11 comments

  • Alex

    January 11, 2022 at 8:48 am

    Republicans know their base has difficulty with “if not candidate A, then candidate B” scenarios that makes them have to think about alternatives.

    Thinking voters is the last thing they want.

    • just sayin

      January 11, 2022 at 2:32 pm

      Democrats elected a guy to Congress who thought Guam might capsize. Democrats put Andrew Gillum threw in a primary. Thinking any party is dumber than the other is lazy.

      • Alex

        January 11, 2022 at 5:08 pm

        Odd how Republicans can’t remember their own plethora of idiotic nonsense they’ve been spewing daily for years;

        But the election was stolen, illegals vote en masse, Obama is a muslim, Hillary sold uranium to Russia, the Deep State attempted a coup, Trump thought injecting disinfectant was a good idea, not to mention hydrowhateverits as a cure for covid, windmills cause cancer, schools are teaching kids to hate white people, Fauci helped China make the virus and distribute it, the 1/6 terrorists trying to change the election were really just peaceful tourists, and on and on.

        There are many many websites just dedicated to Trump’s hundreds of lies and idiotic conspiracy theories, much less all the rest.

        Enjoy feeling foolish.

      • Alex

        January 11, 2022 at 5:34 pm

        And Republicans believe the election was stolen.

        Easily the biggest, fattest, most idiotic lie in political history, perhaps ever in US history.

        And I’ve literally got hundreds more ranging from Benghazi, to the Deep State, to Dr Fauci.

    • Joseph Sarmiento

      January 12, 2022 at 8:27 am

      spot-on correct!

    • Joseph Sarmiento

      January 12, 2022 at 8:29 am

      spot-on correct! the only choices they want us to have are the ones that they provide.

      the real rigging of elections—closed primaries—happens right out in the open and legally.

  • Ron Ogden

    January 11, 2022 at 9:36 am

    New schemes to cook the electoral books are the constant product of Democrat pot dreams. Their crackpots policies, expressed in childish rants and pernicious lies, can’t win straight up, so they try to jigger things until they can win. New York City is merely one example.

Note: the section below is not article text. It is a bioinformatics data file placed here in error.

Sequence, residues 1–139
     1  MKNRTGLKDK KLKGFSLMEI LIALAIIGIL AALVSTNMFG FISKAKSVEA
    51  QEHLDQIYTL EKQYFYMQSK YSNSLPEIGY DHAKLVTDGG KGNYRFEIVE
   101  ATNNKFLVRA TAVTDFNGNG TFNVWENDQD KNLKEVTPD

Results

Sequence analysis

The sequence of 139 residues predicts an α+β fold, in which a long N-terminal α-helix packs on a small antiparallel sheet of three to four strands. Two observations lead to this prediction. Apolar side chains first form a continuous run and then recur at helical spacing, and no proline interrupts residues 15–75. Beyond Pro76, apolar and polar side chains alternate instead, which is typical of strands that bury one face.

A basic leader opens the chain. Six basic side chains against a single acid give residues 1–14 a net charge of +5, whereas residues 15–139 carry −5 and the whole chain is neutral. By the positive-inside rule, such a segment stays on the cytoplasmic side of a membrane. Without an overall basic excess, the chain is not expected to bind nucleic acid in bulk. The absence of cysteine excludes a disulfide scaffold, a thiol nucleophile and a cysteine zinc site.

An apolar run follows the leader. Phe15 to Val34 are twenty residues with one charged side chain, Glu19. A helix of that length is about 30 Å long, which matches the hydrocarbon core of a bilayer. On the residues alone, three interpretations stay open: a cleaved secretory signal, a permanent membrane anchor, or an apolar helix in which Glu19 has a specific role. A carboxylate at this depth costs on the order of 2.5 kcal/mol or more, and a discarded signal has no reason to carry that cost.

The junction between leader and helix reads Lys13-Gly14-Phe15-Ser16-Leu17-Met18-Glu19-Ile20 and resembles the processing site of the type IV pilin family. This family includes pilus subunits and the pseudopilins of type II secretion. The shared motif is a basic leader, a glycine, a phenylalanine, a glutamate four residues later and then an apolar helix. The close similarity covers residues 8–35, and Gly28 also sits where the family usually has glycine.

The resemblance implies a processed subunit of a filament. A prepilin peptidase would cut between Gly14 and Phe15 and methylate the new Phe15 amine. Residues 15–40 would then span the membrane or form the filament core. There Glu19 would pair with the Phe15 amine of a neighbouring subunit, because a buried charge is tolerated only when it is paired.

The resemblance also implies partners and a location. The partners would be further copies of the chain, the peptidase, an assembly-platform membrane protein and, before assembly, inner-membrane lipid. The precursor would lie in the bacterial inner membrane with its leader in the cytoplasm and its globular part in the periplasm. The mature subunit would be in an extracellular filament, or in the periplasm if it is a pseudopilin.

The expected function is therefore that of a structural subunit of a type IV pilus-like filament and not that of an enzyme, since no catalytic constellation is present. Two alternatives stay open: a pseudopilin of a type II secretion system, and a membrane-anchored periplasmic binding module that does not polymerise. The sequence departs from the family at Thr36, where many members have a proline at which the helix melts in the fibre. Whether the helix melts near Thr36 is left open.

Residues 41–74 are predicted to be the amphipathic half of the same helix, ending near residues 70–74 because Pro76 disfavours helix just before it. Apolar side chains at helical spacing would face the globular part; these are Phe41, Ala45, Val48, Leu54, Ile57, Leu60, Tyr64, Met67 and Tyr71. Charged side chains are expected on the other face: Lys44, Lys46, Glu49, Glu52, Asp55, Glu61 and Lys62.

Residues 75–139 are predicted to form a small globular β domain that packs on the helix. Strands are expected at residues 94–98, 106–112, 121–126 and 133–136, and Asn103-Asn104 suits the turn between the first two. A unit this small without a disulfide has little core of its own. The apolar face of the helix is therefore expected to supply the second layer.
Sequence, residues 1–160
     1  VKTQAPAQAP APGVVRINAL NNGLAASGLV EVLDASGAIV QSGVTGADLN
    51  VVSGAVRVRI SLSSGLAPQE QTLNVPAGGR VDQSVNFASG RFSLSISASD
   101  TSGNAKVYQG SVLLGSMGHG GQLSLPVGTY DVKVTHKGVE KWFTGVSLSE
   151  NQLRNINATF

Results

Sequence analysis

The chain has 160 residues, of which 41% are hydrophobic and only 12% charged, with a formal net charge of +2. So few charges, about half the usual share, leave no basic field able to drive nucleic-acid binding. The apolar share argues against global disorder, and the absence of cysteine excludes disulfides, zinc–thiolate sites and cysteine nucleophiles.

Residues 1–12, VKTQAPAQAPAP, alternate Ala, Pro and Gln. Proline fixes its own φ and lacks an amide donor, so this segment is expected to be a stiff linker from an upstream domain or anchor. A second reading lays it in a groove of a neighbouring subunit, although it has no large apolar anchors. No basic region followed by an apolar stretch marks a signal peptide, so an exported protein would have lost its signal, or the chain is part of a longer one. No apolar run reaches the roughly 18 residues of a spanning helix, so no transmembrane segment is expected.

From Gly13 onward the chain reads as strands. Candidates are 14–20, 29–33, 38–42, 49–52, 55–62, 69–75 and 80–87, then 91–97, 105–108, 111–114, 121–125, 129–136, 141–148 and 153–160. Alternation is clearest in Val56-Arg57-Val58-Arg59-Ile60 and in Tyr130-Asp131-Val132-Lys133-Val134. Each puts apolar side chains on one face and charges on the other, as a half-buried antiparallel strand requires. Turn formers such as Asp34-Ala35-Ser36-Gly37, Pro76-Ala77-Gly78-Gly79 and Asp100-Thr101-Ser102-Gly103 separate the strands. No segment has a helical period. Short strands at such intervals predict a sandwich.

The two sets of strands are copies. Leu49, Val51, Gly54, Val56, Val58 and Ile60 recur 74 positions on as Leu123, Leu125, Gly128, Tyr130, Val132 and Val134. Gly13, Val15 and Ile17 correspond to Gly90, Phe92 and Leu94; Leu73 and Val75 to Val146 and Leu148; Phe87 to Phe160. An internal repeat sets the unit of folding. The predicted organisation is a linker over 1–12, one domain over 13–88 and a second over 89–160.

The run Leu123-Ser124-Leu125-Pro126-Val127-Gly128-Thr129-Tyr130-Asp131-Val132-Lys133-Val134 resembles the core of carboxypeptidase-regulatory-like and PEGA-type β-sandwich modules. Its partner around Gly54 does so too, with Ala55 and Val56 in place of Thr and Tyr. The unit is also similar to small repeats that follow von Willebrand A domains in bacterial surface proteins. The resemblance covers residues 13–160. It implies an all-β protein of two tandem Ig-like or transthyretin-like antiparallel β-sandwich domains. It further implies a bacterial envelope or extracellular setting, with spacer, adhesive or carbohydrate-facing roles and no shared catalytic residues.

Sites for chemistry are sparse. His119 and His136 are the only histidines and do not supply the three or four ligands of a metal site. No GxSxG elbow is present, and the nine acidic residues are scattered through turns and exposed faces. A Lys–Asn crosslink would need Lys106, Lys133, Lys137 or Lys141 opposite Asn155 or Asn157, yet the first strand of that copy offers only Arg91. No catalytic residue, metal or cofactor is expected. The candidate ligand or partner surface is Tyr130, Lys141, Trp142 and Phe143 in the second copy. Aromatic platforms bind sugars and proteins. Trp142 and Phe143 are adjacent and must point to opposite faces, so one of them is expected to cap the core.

Nineteen innocent lives lost in a Great Society-era tenement. Mask-screamer AOC cracking wise in Florida wearing no mask, and that stupe Salwell right here, too. It would be worth seceding just so we could have a border against these hypocritical louts.

    • Alex

      January 11, 2022 at 10:10 am

      Secede.

      Lol

      Ronnie the proven liar and idiot is even further off in la la land.

  • John Whitmer

    January 11, 2022 at 3:28 pm

    The concern in Florida about ranked-choice voting is quite understandable. Give those pesky voters any more influence than they already have or give candidates any incentives to run more civil issue-focused campaigns and the slippery slope threatens. Much safer to reduce voter impact, encourage campaigns to stoke anger, and keep folks from overthinking elections. Otherwise democracy will continue to rear its ugly head – and we all know where that leads.

  • Nathan Cook

    January 23, 2022 at 1:19 pm

    Please push back when the Senator makes statements that are either misinformation or disinformation.

    “I don’t think you should be numbering and ranking people on the ballot,” he said. “One person should win, or if there is a runoff you should go to a top two.”

    – One person DOES win, if the election is for a single seat.

    – If there is a runoff, the actual preferences of the voters determine who is the ONE winner.

    – If there is a runoff, there are huge cost/time savings for instant runoff versus weeks standing up the election infrastructure for a second election, often with lower turnout.

    – The public and those elected have more information about the actual preferences of the voters, because the preferences are explicit and not limited to exit interviews or biased polling.

Comments are closed.